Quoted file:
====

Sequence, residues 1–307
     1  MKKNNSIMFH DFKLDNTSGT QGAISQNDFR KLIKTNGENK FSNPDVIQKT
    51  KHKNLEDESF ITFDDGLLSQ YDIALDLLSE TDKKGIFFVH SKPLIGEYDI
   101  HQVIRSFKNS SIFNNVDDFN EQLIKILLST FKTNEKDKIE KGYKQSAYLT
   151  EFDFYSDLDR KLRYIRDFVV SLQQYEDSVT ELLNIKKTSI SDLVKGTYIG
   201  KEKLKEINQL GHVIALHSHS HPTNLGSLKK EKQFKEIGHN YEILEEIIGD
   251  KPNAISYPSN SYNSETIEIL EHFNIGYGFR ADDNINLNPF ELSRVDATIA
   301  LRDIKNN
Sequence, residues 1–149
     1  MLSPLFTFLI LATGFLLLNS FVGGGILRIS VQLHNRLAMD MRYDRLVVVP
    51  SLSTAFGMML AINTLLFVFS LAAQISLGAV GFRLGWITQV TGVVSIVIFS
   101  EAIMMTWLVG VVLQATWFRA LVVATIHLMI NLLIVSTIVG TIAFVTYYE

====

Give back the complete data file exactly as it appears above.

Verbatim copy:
Sequence, residues 1–307
     1  MKKNNSIMFH DFKLDNTSGT QGAISQNDFR KLIKTNGENK FSNPDVIQKT
    51  KHKNLEDESF ITFDDGLLSQ YDIALDLLSE TDKKGIFFVH SKPLIGEYDI
   101  HQVIRSFKNS SIFNNVDDFN EQLIKILLST FKTNEKDKIE KGYKQSAYLT
   151  EFDFYSDLDR KLRYIRDFVV SLQQYEDSVT ELLNIKKTSI SDLVKGTYIG
   201  KEKLKEINQL GHVIALHSHS HPTNLGSLKK EKQFKEIGHN YEILEEIIGD
   251  KPNAISYPSN SYNSETIEIL EHFNIGYGFR ADDNINLNPF ELSRVDATIA
   301  LRDIKNN
Sequence, residues 1–149
     1  MLSPLFTFLI LATGFLLLNS FVGGGILRIS VQLHNRLAMD MRYDRLVVVP
    51  SLSTAFGMML AINTLLFVFS LAAQISLGAV GFRLGWITQV TGVVSIVIFS
   101  EAIMMTWLVG VVLQATWFRA LVVATIHLMI NLLIVSTIVG TIAFVTYYE